When Amida fell apart, Mangwana formed the African All Stars, with guitarist Syran Mbenza & a large fluctuating membership that included, at various times: Nyboma; Lokassa Ya Mbongo; Syran Mbenza; & Bopol (some of whom would later form Les Quatre Étoiles). This band created a hugely influential new style. Rather than stick to the old Zaïrean rumba, African All Stars blended it with highlife, Afrobeat, & above all, biguine, to create a formidable Afro-Antilles crossover.

In Zaïre, when "Georgette Eckins" grabbed the country by the ear, Mangwana & his band were heralded as major stars & creative stylists. After this came a string of hits, each mixing Zaïrean guitars with a solid beat & a singing style from the sweetest of tenors to the most swaggering of middle registers that was to become Mangwana’s hallmark.

In 1979, Mangwana recorded the album Maria Tebbo which mixed the tenderness of the title track with the political exultation of "Chimurenga Zimbabwe", a song in celebration of Zimbabwe’s new-found independence. In 1982, Mangwana traveled to southern Africa to throw himself further into the great political struggles of the region. That same year he released Co-Operation with Franco, & joined him onstage at a concert in Kinshasa. Politically, Mangwana has shown himself as a strong champion of African liberation, through albums such as 1983’s Canta Moçambique (Vamos Para o Campo), which he recorded as a tribute & an encouragement to the revolution that had ousted the Portuguese in favor of a new, independent Mozambique.

I am including both the two song Abidjan-recorded rumba set Consommez Local, & the two song Canta Moçambique (Vamos Para o Campo) recorded at Radio Mozambique Maputo. All four songs appeared on a 1989 re-release called simply Canta Moçambique. I have posted the two separately because of their differing styles that don’t really seem to go together, other than both being Sam. The first two songs are fine rumbas built for dancing, while the second two are the pointedly political homages to the anti-colonial struggle in Moçambique, sung in Portuguese with a completely different musical character.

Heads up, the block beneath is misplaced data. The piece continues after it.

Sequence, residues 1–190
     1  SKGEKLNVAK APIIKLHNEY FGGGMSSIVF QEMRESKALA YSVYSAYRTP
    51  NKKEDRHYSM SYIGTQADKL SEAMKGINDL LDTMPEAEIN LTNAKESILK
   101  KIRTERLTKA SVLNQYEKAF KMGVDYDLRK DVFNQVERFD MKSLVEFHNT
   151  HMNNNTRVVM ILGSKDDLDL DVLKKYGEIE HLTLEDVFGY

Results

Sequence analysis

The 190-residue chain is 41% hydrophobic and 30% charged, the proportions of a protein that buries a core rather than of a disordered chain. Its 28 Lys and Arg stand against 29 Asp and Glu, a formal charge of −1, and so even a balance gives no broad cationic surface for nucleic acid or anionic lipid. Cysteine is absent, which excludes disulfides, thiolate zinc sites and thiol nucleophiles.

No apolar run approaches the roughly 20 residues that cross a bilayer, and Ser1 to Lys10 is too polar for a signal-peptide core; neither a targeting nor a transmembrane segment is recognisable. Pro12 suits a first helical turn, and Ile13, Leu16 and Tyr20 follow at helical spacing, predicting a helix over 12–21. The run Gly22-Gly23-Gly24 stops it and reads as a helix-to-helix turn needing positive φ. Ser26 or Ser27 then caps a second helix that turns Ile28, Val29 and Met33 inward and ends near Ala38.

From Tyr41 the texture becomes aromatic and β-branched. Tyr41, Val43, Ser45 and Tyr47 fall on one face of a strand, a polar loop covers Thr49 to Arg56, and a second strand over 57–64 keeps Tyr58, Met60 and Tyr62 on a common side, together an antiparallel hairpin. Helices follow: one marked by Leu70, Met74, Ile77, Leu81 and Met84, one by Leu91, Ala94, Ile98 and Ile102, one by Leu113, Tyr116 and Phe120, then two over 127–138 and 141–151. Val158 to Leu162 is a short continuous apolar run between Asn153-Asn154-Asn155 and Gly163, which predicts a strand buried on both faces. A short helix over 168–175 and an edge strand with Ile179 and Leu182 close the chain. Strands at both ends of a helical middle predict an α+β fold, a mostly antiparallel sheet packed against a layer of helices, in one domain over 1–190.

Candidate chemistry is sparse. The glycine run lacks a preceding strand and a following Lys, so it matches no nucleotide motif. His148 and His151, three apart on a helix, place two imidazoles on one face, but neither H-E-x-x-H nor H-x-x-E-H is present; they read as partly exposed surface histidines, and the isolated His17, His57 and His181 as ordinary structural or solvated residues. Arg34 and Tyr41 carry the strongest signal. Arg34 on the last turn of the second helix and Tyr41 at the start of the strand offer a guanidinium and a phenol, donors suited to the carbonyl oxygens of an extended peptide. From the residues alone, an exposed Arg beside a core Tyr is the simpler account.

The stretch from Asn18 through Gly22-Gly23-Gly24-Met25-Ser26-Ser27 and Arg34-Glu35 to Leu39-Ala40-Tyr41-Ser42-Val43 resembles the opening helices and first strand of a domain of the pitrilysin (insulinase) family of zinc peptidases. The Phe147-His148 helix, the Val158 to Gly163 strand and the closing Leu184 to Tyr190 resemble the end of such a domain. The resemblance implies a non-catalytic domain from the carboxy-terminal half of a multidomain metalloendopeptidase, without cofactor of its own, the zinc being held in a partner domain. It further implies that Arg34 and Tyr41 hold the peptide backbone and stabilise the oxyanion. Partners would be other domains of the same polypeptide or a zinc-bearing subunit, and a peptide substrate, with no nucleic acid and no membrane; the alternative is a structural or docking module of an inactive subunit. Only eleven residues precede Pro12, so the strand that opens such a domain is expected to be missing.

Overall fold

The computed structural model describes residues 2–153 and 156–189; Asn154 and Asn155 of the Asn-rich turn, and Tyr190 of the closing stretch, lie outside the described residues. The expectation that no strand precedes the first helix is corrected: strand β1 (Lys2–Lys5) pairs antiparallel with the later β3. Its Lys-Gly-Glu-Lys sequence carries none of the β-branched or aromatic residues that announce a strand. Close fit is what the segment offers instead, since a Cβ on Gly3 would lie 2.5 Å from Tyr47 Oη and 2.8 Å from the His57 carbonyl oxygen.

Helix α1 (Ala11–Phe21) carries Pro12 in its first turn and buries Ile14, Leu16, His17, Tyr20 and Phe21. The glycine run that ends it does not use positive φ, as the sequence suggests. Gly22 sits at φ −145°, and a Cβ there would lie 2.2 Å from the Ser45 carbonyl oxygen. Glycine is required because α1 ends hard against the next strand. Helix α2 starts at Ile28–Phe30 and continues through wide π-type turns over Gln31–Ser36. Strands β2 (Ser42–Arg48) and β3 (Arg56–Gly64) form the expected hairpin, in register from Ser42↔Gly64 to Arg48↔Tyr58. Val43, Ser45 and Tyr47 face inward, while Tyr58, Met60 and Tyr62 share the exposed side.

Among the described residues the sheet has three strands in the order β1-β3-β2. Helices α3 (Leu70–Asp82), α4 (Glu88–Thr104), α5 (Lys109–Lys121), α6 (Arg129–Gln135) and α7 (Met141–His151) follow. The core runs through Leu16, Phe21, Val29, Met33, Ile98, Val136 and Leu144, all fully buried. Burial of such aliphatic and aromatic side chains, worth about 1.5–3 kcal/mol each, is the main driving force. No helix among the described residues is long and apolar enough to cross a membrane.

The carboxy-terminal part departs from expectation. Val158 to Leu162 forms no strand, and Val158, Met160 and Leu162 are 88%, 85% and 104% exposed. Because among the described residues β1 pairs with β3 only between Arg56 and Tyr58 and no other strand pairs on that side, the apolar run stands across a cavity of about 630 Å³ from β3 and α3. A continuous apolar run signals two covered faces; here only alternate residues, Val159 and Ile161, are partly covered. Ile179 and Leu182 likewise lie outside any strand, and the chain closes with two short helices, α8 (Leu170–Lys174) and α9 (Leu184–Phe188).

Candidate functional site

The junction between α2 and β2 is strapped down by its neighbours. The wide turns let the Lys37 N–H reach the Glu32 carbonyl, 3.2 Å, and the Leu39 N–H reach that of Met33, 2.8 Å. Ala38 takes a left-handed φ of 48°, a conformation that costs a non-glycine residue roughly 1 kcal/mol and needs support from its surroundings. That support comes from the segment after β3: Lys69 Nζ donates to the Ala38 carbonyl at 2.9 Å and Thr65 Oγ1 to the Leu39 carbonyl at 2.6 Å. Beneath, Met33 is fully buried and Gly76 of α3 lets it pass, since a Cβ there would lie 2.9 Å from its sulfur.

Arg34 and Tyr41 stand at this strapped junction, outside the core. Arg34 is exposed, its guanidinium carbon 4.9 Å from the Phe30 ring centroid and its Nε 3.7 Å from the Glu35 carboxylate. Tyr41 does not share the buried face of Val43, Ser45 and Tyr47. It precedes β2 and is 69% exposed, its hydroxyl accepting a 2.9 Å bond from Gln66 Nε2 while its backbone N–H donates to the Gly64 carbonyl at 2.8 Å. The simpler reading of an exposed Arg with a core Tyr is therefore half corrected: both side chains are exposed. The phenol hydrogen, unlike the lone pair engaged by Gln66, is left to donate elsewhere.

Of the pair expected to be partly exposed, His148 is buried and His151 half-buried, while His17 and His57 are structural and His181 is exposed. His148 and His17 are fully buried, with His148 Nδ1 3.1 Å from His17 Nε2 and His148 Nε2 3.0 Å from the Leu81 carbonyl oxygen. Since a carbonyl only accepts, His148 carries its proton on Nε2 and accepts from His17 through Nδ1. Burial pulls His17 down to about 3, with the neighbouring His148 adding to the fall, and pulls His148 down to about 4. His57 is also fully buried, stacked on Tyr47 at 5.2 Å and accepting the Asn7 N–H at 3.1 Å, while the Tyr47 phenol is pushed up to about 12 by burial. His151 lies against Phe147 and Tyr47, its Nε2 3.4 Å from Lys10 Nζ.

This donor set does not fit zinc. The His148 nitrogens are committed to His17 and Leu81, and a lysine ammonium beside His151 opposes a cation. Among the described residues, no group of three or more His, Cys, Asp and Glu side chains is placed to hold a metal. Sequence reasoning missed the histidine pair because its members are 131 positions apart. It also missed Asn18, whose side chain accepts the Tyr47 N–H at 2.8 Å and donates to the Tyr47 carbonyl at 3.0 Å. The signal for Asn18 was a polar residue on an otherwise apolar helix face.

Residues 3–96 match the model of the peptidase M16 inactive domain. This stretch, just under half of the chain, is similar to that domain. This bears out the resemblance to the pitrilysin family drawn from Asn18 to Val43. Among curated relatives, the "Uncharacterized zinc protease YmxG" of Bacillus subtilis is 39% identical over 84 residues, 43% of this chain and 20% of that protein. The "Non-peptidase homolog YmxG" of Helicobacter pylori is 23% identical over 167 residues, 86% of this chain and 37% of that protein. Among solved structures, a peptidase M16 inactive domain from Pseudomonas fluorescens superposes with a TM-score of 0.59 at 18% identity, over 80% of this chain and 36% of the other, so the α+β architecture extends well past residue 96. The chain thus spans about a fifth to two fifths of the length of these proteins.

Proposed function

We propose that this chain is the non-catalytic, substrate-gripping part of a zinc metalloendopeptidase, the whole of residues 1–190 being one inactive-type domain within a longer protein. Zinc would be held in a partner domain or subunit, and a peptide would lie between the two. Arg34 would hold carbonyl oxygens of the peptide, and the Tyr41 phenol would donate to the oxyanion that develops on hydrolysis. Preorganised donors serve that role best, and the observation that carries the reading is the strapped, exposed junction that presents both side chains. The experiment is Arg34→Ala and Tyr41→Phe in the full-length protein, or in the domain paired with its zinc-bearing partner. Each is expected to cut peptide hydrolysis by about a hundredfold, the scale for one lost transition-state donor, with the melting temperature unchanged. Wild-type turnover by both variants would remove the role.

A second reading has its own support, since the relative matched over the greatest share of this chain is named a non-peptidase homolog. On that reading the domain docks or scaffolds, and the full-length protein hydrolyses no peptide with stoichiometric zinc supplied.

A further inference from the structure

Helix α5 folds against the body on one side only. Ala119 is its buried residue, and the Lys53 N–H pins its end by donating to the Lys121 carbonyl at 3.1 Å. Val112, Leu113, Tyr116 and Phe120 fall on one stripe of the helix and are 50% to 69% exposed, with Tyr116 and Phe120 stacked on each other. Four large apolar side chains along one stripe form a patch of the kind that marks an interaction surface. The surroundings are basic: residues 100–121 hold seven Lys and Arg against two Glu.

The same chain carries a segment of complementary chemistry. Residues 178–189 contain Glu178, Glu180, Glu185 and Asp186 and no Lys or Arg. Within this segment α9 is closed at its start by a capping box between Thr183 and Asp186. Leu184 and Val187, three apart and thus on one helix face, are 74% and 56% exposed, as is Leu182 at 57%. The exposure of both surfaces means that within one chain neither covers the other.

Sam Mangwana – Consommez local EP, Badmos International Records, 1982.
decryption code in comments

Side A –
Liwa Ya Nickesse

Side B –
Faute Ya Commercant

decryption code in comments

Side A –
Vamos Para o campo

Side B –
Moçambique Oyé



  1. Sam Mangwana (Consommez local EP) - only Side B is included

    Sam Mangwana – Canta Moçambique(Vamos para o Campo) - Windows said the file was invalid or corrupted but 7-Zip was able to extract them and a quick check seems to play correctly all the way through.

  2. Windows would not open Canta Moçambique because of the ç character. Change to c and it works fine.

    1. I changed the ç to z to make it easier for everyone.

  3. Wapi Yo
    Consommez local
    Canta Moçambique

  4. Thank you for fixing the issues with these files. I've had problems unzipping alternate character sets before but I usually recognize the problem immediately because the file name is in Cyrillic. It was not as obvious to me this time.

    1. Yeah, my bad. I try to keep the posts accurate, then include characters that WinRAR & others can't read. I have had the same problems myself in the past trying to open things & should know better. Thanks again for your vigilance.